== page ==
This article will help the reader understand about the basic Python sets and dictionaries with some basic applications in real world. We will be using Visual Studio Code as our code editor. If you have not installed Visual Studio Code, the instructions are given in the previous blog.

## Python sets

A set is a mutable and unordered collection of unique elements. Set is written with curly brackets ({}), being the elements separated by commas.

It can also be defined with the built-in function set([iterable]). This function takes as argument an iterable (i.e., any type of sequence, collection, or iterator), returning a set containing unique items from the input (duplicated elements are removed).

For Example:

```# Create a Set using
# A string
print(set('Dev'))
```
```Output:
{'e', 'v', 'D'}
```
```# a list
set(['Mayank', 'Vardhman', 'Mukesh', 'Mukesh'])
```
```Output:
{'Mayank', 'Mukesh', 'Vardhman'}
```
```# A tuple
set(('Lucknow', 'Kanpur', 'India'))
```
```Output:
{'India', 'Kanpur', 'Lucknow'}

```
```# a dictionary
set({'Sulphur': 16, 'Helium': 2, 'Carbon': 6, 'Oxygen': 8})
```
```Output:
{'Carbon', 'Helium', 'Oxygen', 'Sulphur'}
```

Now, we know how to create Sets. Let’s see what the common operations in sets are.

## Operations in Python sets

### Adding an element in a set

The method works in-place and modifies the set and returns ‘None’.

For Example:

```locations = set(('Lucknow','kanpur','India'))
print(locations)
```
```Output:
{'India', 'Delhi', 'Lucknow', 'kanpur'}
```

In Python sets, we cannot insert an element in a particular index because it is not ordered.

### Removing an element from a set

There are three methods using which you can perform the removal of an element from a set.

They are given below:

• set.remove(element)
• set.descard(element)
• set.pop()

Let’s understand it by looking at an example for each implementation:

set.remove(element)
```locations = set(('Lucknow', 'kanpur', 'India'))
#Removes Lucknow from the set
locations.remove('Lucknow')
print(locations)
```
```Output:
{'India', 'kanpur'}
```
```locations = set(('Lucknow', 'kanpur', 'India'))
# Removes ‘Lucknow’ from the set
print(locations)
```
```Output:
{'India', 'kanpur'}
```

As you can see that both the ‘remove’ and ‘discard’ method work in-place and modify the same set on which they are getting called. They return ‘None’.

The only difference that is there in the ‘remove’ and ‘discard’ function is that ‘remove’ function throw an exception (KeyError) is raised, if ‘element’ is not present in set. The exception is not thrown in case of ‘discard’.

set.pop()
```locations = set(("Lucknow", 'Kanpur', 'India'))
# Removes ‘Lucknow’ from the set
removed_location = locations.pop()
print(locations)
print(removed_location)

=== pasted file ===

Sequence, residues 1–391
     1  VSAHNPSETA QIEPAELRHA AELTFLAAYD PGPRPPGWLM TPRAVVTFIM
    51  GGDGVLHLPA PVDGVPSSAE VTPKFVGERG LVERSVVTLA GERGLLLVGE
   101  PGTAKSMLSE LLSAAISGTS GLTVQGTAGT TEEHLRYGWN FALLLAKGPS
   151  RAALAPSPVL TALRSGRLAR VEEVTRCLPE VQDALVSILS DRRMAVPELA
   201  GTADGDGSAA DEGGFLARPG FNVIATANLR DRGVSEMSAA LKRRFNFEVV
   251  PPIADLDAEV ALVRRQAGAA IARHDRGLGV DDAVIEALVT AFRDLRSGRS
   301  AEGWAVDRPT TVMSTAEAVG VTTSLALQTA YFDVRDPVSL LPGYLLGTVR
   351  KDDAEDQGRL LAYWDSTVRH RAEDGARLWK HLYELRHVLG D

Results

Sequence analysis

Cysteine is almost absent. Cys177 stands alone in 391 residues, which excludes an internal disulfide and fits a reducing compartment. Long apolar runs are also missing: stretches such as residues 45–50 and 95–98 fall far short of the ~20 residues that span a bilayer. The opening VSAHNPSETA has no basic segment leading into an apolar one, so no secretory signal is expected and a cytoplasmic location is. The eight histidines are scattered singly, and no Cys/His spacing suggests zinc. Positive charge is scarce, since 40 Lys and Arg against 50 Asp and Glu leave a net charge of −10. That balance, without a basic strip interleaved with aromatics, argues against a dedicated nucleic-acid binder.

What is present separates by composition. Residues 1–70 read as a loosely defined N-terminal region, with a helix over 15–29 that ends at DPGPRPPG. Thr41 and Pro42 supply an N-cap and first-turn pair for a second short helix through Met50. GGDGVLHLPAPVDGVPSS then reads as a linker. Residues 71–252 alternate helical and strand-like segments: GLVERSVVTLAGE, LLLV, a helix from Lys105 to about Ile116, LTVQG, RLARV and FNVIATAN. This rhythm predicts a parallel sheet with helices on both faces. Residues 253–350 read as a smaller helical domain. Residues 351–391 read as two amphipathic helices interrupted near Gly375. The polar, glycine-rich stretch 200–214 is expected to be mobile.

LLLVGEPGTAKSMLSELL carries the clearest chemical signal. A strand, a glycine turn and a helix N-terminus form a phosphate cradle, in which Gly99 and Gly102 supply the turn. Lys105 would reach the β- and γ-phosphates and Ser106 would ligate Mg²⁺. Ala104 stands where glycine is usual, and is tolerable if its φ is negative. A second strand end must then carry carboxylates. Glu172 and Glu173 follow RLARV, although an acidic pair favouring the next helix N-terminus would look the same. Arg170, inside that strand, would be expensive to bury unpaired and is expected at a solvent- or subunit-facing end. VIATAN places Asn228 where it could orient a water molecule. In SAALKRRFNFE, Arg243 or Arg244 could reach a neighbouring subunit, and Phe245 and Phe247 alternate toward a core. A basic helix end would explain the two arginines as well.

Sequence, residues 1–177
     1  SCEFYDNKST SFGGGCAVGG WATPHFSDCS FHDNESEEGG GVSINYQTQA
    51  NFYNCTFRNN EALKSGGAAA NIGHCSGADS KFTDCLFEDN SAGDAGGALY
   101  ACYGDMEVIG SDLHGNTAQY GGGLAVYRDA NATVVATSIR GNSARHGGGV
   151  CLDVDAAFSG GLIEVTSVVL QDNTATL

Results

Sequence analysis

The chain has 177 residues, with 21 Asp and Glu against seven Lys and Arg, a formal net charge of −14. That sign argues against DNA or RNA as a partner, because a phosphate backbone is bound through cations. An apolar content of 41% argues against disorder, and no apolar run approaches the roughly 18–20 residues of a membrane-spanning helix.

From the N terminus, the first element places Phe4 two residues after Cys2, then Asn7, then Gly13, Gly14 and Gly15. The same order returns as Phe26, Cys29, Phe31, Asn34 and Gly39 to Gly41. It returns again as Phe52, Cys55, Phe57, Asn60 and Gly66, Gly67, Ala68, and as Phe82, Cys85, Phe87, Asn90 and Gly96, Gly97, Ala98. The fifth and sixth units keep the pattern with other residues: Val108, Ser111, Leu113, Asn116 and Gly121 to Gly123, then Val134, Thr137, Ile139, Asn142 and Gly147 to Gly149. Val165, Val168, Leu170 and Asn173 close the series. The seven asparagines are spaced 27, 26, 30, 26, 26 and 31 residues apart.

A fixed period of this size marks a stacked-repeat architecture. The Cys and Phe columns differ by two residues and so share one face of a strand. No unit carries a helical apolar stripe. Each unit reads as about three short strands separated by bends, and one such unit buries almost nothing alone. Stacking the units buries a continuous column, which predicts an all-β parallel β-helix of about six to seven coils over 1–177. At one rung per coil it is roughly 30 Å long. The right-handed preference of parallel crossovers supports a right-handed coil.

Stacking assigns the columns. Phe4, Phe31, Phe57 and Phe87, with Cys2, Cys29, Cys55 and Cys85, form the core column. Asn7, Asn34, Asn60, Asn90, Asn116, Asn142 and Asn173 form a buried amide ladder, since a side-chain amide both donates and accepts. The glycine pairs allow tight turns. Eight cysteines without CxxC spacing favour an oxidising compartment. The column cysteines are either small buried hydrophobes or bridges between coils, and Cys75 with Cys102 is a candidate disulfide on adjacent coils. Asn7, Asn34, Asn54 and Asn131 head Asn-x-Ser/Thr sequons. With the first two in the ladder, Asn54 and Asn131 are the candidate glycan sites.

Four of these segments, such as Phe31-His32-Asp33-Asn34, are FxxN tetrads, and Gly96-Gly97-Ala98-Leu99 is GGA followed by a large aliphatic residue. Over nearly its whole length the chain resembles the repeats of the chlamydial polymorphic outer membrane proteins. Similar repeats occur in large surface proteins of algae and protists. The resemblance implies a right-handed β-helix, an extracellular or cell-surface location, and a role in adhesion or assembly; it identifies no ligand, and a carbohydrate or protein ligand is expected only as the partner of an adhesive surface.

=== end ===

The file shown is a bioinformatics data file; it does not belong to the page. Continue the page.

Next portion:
```
```Output:
{'Kanpur', 'Lucknow'}
India
```

‘pop’ function does not take any arguments and removes any arbitrary element from set. It also works in-place but unlike other methods it returns the removed element.

So, we have covered lists, tuples, and Python sets. Now, finally let’s see how things work in python dictionaries.

## Dictionaries in Python

Python dictionaries are a fundamental data type for data storage and retrieval.

The dictionary is a built-in data structure that stores key:value pairs and can be accessed by either the key or the value. Python dictionaries are unordered, and keys cannot be negative integers. On top of that, while keys must be immutable, values do not have to be.

The syntax for creating a dictionary is to place two square brackets after any sequence of characters followed by a colon (e.g., {‘a’: ‘b’}); if you are passing in more than one sequence then you need to put them in separate sets of brackets (e.g., {‘a’: ‘b’, ‘c’: ‘d’}).

For Example:

```# Creating an empty Dictionary
Dictionary = {}
print("Empty Dictionary: ")
print(Dictionary)
```
```Output:
Empty Dictionary: {}
```

We can also create a dictionary using in=built function known as ‘dict()’.

Let’s see how we can create it:

```# Creating a Dictionary
# With dict() method
Dictionary = dict({1: 'Hello', 2: 'World', 3: '!!!'})
print("\nDictionary by using dict() method: ")
print(Dictionary)
```
```Output:
Dictionary by using dict() method:
1: 'Hello', 2: 'World', 3: '!!!'}
```

Now, let’s create the dictionary using a list of tuples of key and value pair:

```# Creating a Dictionary
Dict = dict([(1, 'Hello'), (2, 'World')])
print("\nDictionary by using list of tuples of key and value as a pair: ")
print(Dict)
```
```Output:
Dictionary by using list of tuples of key and value as a pair:
{1: 'Hello', 2: 'World'}
```

Remember that the keys are case sensitive.

Let’s see briefly what are the methods that are present in dictionary of Python.

## Difference Between Python sets and dictionaries

A set is a collection of values, not necessarily of the same type, whereas a dictionary stores key-value pairs.

Python sets are collections of data that do not have any order or keys. A set does not store any data about its members other than their identity. Dictionaries are collections that map unique keys to values. Furthermore, dictionaries store information about their members including the key and value pair.

So, we built some basic understanding about Lists, Tuples, Sets and Dictionaries in Python. We also investigated some functions and their implementations.

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